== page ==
The first anniversary of Bayer’s September 14, 2016 announcement that it had agreed to acquire Monsanto for $128 per share in an all-cash transaction is approaching. For the past two months, Monsanto has been trading at an average 8.4% discount to that offer, according to an article by John Abbink on SeekingAlpha.com.
This is a considerable narrowing from the levels at which it was discounted immediately after the deal was announced. But it is still a fairly wide discount, suggesting at the very least that arbitrageurs remain uncertain about when the acquisition will close. The confidence Bayer’s CEO expressed on July 27 that, as Bayer has always hoped, it will close before the end of 2017, does not seem to have impressed traders who might put their money on the line. If it had, it is unlikely that they would leave what he suggests is an unleveraged, annualized return of 21.5% on the table. Since arbitrageurs are generally leveraged three or four times, they would turn that into a 60% to 80% return over five months.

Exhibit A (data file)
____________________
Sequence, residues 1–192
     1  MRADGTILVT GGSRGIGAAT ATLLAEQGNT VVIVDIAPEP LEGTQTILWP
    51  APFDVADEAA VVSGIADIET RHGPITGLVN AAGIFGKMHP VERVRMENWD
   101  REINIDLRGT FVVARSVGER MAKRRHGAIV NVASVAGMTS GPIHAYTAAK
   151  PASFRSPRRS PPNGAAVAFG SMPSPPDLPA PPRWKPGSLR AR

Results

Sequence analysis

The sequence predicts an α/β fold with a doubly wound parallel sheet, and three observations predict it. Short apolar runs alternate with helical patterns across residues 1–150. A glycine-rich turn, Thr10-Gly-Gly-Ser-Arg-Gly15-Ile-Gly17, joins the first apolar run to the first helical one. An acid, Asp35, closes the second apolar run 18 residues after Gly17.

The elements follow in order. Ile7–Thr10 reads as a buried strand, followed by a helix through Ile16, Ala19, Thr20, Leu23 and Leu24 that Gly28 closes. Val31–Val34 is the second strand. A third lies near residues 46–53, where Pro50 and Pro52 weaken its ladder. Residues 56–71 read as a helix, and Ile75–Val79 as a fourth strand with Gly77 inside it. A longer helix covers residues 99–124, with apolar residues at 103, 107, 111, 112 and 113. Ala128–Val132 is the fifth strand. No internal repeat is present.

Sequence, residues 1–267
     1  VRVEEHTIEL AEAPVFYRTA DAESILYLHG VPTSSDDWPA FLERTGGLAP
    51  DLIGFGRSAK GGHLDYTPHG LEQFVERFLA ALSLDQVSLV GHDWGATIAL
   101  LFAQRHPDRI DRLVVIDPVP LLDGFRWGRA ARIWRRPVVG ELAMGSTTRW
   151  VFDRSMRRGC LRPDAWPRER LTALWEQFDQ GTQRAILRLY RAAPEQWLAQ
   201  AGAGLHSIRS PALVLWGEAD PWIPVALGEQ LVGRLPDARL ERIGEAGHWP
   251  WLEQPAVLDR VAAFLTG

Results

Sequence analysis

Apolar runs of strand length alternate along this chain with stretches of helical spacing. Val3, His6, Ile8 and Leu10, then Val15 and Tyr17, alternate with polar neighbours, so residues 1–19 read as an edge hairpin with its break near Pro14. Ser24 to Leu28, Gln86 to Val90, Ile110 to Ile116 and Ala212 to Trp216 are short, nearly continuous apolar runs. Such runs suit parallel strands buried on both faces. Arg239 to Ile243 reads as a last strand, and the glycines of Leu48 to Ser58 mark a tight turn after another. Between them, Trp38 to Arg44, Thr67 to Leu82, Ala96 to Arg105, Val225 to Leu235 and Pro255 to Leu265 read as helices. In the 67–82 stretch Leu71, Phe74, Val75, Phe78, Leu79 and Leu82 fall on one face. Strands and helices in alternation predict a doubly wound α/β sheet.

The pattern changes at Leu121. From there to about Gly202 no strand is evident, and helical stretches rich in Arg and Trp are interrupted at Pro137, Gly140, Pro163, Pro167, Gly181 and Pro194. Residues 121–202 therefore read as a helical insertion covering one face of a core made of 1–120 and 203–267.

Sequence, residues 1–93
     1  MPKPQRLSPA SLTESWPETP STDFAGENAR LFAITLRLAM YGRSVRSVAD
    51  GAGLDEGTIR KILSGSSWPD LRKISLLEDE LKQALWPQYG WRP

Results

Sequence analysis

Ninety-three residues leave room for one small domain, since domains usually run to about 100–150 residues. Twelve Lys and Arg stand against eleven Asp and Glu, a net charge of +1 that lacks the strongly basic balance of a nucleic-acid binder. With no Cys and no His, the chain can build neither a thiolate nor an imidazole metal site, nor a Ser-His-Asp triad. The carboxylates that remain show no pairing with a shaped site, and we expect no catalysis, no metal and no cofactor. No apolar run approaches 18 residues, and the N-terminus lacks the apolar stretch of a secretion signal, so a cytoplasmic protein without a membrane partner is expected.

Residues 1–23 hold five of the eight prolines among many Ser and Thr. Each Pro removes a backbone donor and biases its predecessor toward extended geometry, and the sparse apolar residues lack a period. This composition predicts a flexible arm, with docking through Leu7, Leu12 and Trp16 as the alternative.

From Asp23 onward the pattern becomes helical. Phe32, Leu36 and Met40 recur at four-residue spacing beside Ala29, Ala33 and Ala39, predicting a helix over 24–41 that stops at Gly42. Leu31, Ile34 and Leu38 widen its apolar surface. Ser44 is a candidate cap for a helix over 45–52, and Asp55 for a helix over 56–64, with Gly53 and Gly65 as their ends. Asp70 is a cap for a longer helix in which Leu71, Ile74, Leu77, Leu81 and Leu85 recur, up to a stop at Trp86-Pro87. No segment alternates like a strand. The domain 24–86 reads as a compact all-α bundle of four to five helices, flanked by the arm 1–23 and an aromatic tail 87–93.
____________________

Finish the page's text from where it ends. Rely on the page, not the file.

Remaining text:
However, timing is only one concern. In light of the concessions extracted to achieve regulatory approval for the Dow/DuPont and ChemChina/Syngenta transactions, the value of Monsanto to Bayer could end up falling short of the consideration Bayer has offered for it. Sufficiently onerous regulatory demands — involving pieces of Bayer’s existing business as well as parts of Monsanto’s — could subtract enough value from the proposed combination to kill it. Abbink said he was not aware of anyone predicting this, but that it is by no means impossible.